Brussels could ‘clash’ with London over UK snooper’s charter
Exclusive A fine “balancing act” is needed to prevent a “clash” between British Home Secretary Theresa May’s controversial plans to bring in a data communications-snooping law and the “rights” of the UK citizen, European Commission vice-president Viviane Reding warned when questioned by The Register.
The justice commissioner laid out her proposals in January this year to overhaul data protection law in the 27 member-states that make up the EU. She has long claimed to be a champion of the rights of the individual.
Speaking on Monday at the Digital Enlightenment Forum in Luxembourg, Reding reaffirmed that intention, although she added that she was trying to remain tuned to the needs of internet businesses which operate across borders but whose spiritual homeland – and data farms – are in the US.
When asked by your correspondent what the commissioner’s views were on May’s freshly tabled draft communications data bill, Reding offered up the following insight:
We do have a treaty which is called the Treaty of Lisbon and in this treaty – and maybe not everyone has understood this – there are no more pillars as there were before, where [for instance] you had a pillar for security and that was completely in the hands of the national states and where the rules of the protecting of the individual, which had to be adapted to this pillar, were a little flexible.
There’s none of this anymore since December 2009. Now the rules are horizontal.
You always have to weigh the rights to obligations of the state: one is to preserve the rights of the individual and the other one is to preserve the rights of the society. This is a balancing act; you cannot make them clash.
Reding added that the proposed Data Protection Directive, which is currently winging its way through the European Parliament as well as being pored over by the Council of Ministers to allow EU member states to scrutinise the bill, had “flexibility” built into it for the sake of national security against terrorists and organised crime as long as the charter has been “preserved”.
“But there is no way that in those policies the rights of individuals are eliminated,” she warned.
But the commissioner had earlier noted, in a speech to a small audience of internet players and experts, a contradiction has come into play between satisfying the businesses that serve European citizens versus advocating for Europe’s citizens themselves around their concerns about privacy and the growing level of personal data now residing online.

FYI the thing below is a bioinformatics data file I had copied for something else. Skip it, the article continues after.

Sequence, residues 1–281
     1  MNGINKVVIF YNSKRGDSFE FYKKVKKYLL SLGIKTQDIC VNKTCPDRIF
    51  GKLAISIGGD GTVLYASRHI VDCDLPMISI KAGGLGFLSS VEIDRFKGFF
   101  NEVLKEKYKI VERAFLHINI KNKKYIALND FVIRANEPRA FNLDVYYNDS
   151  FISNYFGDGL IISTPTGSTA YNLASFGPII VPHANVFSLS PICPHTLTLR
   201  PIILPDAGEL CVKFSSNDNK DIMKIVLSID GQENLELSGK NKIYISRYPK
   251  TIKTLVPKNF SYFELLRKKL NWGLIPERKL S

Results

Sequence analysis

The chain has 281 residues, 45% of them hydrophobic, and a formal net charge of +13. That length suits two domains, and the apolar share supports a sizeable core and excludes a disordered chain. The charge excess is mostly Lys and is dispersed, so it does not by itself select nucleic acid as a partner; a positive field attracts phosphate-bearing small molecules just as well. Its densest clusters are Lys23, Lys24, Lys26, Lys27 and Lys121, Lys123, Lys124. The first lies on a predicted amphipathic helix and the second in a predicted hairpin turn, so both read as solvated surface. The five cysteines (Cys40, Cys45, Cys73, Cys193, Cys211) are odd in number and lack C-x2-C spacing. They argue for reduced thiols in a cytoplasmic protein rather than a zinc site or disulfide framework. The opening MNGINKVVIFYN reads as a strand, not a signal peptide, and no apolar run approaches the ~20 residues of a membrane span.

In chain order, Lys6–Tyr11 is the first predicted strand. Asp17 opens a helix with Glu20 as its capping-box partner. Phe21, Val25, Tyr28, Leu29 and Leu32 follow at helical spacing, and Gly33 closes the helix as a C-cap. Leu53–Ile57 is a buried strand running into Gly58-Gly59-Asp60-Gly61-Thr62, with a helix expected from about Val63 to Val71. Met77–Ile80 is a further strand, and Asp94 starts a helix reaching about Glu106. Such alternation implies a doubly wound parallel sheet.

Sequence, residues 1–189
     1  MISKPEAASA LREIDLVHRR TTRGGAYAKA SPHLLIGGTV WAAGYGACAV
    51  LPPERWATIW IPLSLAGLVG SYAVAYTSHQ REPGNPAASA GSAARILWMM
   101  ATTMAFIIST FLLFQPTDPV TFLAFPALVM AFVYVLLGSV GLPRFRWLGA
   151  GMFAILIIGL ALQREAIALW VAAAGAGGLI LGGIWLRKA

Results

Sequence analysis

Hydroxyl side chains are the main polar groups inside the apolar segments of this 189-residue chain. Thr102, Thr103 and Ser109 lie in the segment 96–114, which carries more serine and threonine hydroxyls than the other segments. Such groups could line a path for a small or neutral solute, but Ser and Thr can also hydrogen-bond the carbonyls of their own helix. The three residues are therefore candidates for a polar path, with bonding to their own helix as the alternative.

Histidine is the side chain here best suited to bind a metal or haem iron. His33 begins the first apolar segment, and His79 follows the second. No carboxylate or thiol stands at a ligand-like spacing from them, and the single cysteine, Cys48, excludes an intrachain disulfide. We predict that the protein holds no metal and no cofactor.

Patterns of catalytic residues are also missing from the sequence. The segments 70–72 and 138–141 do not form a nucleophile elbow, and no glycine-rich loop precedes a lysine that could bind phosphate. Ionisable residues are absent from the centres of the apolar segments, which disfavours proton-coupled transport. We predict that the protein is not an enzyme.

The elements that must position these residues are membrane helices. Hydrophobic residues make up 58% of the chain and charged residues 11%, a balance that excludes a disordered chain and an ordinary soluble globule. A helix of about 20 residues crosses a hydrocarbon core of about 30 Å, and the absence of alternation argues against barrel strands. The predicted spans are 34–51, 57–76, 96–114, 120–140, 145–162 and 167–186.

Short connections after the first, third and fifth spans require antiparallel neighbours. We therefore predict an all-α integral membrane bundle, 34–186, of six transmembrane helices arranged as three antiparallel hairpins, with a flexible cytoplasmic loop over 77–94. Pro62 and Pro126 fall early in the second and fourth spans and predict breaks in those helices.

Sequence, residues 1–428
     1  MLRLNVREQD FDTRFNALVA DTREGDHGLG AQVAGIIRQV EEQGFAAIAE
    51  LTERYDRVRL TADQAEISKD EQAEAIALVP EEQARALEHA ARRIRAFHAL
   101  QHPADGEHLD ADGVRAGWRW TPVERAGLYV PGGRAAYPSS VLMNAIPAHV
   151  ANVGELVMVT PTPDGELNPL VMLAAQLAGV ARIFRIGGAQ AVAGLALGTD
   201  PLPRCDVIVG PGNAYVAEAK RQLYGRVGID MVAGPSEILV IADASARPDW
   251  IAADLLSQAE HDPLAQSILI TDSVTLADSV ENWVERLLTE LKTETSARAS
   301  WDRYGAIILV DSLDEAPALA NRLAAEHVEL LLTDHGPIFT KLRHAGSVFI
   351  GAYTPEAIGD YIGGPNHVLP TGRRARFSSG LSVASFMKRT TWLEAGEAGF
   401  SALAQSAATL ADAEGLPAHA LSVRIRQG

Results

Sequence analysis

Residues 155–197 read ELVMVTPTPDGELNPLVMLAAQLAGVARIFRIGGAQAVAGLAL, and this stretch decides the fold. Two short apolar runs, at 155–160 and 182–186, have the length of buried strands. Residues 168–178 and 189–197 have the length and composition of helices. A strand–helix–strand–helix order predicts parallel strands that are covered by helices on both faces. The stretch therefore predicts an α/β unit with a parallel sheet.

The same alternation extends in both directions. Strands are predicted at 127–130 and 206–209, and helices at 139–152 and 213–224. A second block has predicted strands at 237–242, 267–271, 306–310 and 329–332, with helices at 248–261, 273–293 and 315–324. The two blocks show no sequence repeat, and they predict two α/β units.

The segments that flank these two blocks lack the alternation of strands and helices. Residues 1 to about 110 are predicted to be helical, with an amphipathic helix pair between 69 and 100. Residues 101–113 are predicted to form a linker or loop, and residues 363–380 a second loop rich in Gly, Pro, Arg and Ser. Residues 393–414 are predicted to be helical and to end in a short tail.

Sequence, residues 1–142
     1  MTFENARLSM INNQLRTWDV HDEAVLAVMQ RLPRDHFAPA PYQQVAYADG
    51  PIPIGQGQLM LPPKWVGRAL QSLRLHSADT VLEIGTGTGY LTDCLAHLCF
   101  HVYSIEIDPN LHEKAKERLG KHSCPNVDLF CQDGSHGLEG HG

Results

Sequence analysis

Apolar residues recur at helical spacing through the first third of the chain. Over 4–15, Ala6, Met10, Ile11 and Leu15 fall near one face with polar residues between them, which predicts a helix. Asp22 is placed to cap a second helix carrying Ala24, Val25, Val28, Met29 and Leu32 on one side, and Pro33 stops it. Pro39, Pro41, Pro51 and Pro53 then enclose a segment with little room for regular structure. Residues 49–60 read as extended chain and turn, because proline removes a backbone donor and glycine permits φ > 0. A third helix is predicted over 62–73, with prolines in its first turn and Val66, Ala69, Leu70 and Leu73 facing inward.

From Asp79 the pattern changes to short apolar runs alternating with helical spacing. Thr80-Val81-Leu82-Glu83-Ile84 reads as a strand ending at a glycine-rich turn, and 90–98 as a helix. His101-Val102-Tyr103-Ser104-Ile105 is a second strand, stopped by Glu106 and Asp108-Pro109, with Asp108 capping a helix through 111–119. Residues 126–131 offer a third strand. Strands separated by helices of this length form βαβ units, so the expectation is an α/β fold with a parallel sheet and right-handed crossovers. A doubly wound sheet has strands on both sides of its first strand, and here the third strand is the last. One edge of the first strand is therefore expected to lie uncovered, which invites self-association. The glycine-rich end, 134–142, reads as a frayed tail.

Reding described data as “the currency” of the internet and added that she will be meeting with her US counterparts to discuss issues of trust, which she said was “on the wane” in Europe – where 70 per cent of citizens on that continent are worried that their data might be misused.
Undoubtedly, the commissioner is struggling to negotiate between two distinct groups with typically different and occasionally symbiotic needs when it comes to making transactions on the internet.
She accepted that the notion of the so-called “right to be forgotten” online – a proposal advocated by the commissioner in her draft bill on overhauling the 1995 data protection law in Europe – will never lead to “total privacy”.
What Reding and some of her supporters want is to create an “open market with legal certainty and the same rights for all.”
But as Britain’s Home Secretary has recently demonstrated, it’s seemingly impossible to satisfy the needs of individuals who do not wish to have their privacy invaded – as many have already argued in opposition to the Communications Data Bill – when it comes to responding more urgently to terrorist threat warnings from national security services.
It will be interesting to see if May’s proposals, if passed through the UK Parliament, end up becoming a model for other member states in Europe, as the rewrite of data protection law in Europe continues – and possibly ends up being watered down to satisfy the businessmen of Silicon Valley. ®